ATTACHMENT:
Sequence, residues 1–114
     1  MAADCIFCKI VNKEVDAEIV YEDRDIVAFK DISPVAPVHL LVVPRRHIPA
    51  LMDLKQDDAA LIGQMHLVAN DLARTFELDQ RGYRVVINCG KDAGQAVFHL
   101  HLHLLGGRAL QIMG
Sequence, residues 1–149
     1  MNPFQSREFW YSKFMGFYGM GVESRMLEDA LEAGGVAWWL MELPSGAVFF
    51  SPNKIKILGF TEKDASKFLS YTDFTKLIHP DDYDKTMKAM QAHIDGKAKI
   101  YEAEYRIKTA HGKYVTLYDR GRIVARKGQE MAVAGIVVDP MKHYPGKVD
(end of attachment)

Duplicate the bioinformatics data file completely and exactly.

Sequence, residues 1–114
     1  MAADCIFCKI VNKEVDAEIV YEDRDIVAFK DISPVAPVHL LVVPRRHIPA
    51  LMDLKQDDAA LIGQMHLVAN DLARTFELDQ RGYRVVINCG KDAGQAVFHL
   101  HLHLLGGRAL QIMG
Sequence, residues 1–149
     1  MNPFQSREFW YSKFMGFYGM GVESRMLEDA LEAGGVAWWL MELPSGAVFF
    51  SPNKIKILGF TEKDASKFLS YTDFTKLIHP DDYDKTMKAM QAHIDGKAKI
   101  YEAEYRIKTA HGKYVTLYDR GRIVARKGQE MAVAGIVVDP MKHYPGKVD